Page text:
- The Washington Times - Thursday, April 14, 2005

Fifteen years ago, Sen. Daniel Patrick Moynihan became upset because Congress and the White House were using Social Security surpluses to finance other federal programs. The New York Democrat offered legislation that would have reduced the payroll tax in order to drastically reduce the Social Security surpluses. Congress rejected the bill.

Until Social Security nearly went bankrupt in the early 1980s, the retirement program was essentially financed as a pay-as-you-go operation. In the late 1970s and early 1980s, benefit payments actually exceeded payroll-tax receipts. In fact, Social Security, whose relatively meager trust-fund assets were hurtling toward zero, would have gone broke in 1983 were it not for a multi-billion-dollar loan. That year, to address the crisis, Congress passed legislation substantially increasing payroll taxes, which soon exceeded annual benefit payments, creating the Social Security surpluses that would eventually upset Mr. Moynihan.

Each year over the last two decades, Congress has borrowed the surplus payroll-tax money. In exchange, the Social Security trust funds received Treasury securities as IOUs. These securities earned interest income.

During the mid-1980s, the cash-flow surpluses and interest payments were small. In 1987, for example, trust-fund income (excluding interest) exceeded benefit payments and other costs by $14 billion; and trust-fund interest income totaled $5 billion. As more Treasury securities were issued each year to cover ever greater cash-flow surpluses and as more and more interest accrued, the assets in the trust funds soared. In 2005, trust-fund income (excluding interest) will exceed costs by $70 billion, while interest income will total $94 billion.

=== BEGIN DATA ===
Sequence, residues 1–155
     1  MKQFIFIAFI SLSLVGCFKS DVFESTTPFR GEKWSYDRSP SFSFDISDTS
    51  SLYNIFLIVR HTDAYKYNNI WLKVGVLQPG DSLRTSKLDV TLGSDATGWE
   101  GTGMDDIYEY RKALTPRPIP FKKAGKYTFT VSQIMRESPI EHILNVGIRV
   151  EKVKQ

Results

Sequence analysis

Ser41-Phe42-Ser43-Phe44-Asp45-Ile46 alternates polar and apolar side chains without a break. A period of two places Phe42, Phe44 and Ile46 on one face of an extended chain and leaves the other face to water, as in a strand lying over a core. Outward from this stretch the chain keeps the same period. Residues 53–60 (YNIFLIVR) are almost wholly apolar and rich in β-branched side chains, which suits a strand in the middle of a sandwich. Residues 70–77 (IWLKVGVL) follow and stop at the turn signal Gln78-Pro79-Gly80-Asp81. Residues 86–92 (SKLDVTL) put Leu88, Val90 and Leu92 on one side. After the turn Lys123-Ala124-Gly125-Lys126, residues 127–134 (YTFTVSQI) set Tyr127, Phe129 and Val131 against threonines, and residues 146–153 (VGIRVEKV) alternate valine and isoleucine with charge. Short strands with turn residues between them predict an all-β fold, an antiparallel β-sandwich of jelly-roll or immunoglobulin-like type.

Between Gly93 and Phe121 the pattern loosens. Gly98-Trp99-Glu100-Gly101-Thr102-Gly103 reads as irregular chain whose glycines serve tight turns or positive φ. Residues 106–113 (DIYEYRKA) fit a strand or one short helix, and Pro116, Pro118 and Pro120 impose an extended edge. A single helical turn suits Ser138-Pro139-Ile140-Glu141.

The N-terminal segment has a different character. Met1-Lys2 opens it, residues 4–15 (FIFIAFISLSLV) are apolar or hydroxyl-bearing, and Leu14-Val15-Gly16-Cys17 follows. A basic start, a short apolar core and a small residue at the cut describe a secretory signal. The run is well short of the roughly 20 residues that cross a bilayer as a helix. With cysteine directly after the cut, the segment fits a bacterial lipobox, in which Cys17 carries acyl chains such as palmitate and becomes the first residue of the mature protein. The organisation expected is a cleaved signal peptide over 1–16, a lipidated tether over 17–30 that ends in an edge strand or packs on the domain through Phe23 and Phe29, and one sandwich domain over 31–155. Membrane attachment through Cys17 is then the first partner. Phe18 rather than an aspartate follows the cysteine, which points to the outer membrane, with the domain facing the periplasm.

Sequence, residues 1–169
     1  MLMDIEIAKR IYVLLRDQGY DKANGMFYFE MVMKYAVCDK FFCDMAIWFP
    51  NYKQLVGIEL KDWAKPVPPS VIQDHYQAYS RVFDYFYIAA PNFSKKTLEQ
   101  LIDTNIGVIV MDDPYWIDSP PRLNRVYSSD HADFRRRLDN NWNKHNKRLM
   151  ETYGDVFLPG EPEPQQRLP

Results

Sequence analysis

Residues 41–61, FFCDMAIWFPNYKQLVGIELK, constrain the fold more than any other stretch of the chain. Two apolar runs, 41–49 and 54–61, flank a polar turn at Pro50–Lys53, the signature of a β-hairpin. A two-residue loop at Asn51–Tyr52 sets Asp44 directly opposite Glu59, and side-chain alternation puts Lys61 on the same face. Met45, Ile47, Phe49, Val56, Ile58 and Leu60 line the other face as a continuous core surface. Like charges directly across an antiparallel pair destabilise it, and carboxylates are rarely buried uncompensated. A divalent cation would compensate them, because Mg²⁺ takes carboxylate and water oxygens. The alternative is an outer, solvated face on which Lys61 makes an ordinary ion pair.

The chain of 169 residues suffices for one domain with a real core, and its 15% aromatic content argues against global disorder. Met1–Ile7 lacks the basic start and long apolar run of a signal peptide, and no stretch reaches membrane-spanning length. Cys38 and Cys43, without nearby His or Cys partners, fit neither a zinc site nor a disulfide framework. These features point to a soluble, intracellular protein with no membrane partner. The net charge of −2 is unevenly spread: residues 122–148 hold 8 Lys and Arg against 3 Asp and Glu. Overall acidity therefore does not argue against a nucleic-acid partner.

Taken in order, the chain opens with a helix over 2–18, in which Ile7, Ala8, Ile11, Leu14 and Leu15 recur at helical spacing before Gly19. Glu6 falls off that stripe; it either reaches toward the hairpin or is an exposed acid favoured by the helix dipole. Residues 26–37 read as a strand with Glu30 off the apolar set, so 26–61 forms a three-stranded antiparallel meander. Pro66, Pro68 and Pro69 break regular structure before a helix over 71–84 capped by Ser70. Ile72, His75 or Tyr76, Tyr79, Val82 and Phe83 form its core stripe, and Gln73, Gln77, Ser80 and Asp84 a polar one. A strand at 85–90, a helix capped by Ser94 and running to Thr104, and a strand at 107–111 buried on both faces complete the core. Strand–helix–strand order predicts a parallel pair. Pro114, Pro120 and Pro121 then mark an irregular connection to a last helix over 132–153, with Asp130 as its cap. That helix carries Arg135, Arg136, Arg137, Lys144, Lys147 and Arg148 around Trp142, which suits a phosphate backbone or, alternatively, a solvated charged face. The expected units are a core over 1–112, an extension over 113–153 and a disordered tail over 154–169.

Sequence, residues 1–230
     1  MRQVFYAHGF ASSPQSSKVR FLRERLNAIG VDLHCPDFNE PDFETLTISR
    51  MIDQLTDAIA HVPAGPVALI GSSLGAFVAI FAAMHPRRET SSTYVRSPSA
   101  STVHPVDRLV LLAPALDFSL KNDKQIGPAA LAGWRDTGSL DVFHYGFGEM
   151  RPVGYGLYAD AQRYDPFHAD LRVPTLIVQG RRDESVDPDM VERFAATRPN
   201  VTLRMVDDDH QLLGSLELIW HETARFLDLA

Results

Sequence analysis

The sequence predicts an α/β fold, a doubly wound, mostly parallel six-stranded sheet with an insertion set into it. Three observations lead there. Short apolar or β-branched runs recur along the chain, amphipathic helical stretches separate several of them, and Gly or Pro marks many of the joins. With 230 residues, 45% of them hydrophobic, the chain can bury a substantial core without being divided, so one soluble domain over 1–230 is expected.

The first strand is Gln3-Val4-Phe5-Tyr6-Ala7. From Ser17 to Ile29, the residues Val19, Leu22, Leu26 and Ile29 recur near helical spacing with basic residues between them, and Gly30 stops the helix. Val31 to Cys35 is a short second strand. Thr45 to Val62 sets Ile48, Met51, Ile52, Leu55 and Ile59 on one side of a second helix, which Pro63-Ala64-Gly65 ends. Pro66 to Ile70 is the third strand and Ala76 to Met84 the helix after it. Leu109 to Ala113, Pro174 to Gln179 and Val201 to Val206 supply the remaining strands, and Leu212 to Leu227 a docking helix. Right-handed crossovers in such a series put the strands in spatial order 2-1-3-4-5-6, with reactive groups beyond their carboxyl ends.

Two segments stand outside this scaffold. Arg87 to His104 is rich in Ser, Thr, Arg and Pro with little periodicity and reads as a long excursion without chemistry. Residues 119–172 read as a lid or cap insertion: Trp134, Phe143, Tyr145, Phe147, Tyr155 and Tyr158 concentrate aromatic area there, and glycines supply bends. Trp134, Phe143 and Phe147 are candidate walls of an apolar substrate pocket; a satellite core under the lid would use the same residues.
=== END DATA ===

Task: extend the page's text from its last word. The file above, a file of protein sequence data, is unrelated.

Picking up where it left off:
As a result of increasing cash-flow surpluses and rising interest income, over the past two decades the year-end net assets in the trust funds have increased from less than $20 billion in 1984 to nearly $1.7 trillion in 2004. When the trustees issued their annual report last month, they revealed a present-value unfunded obligation of $4 trillion. That is how much money that would have to be made available today (and earning interest) in order for Social Security to finance its commitments.

The little secret is that the calculation generating the $4 trillion unfunded liability assumed that the trust funds already included $1.7 trillion in assets. (Technically, they do.) However, as the trustees have repeatedly made clear, there are only three options available to redeem the Treasury securities in the trust funds: raise taxes; borrow the money and increase the budget deficit; or reduce spending on other government programs.

This year there is bipartisan agreement in Congress to spend Social Security’s $70 billion cash-flow surplus. There is also bipartisan agreement to make an intragovernmental interest payment of $94 billion to Social Security’s trust funds to service the debt incurred from having spent Social Security’s surpluses over the previous 20 years. In other words, when the White House and Congress project a 2005 budget deficit of $425 billion, the truth of the matter is that the fiscal imbalance this year would be much closer to $600 billion if it weren’t for the $164 billion Social Security surplus. In retrospect, Mr. Moynihan’s 1990 proposal would have stopped the thievery dead in its tracks.

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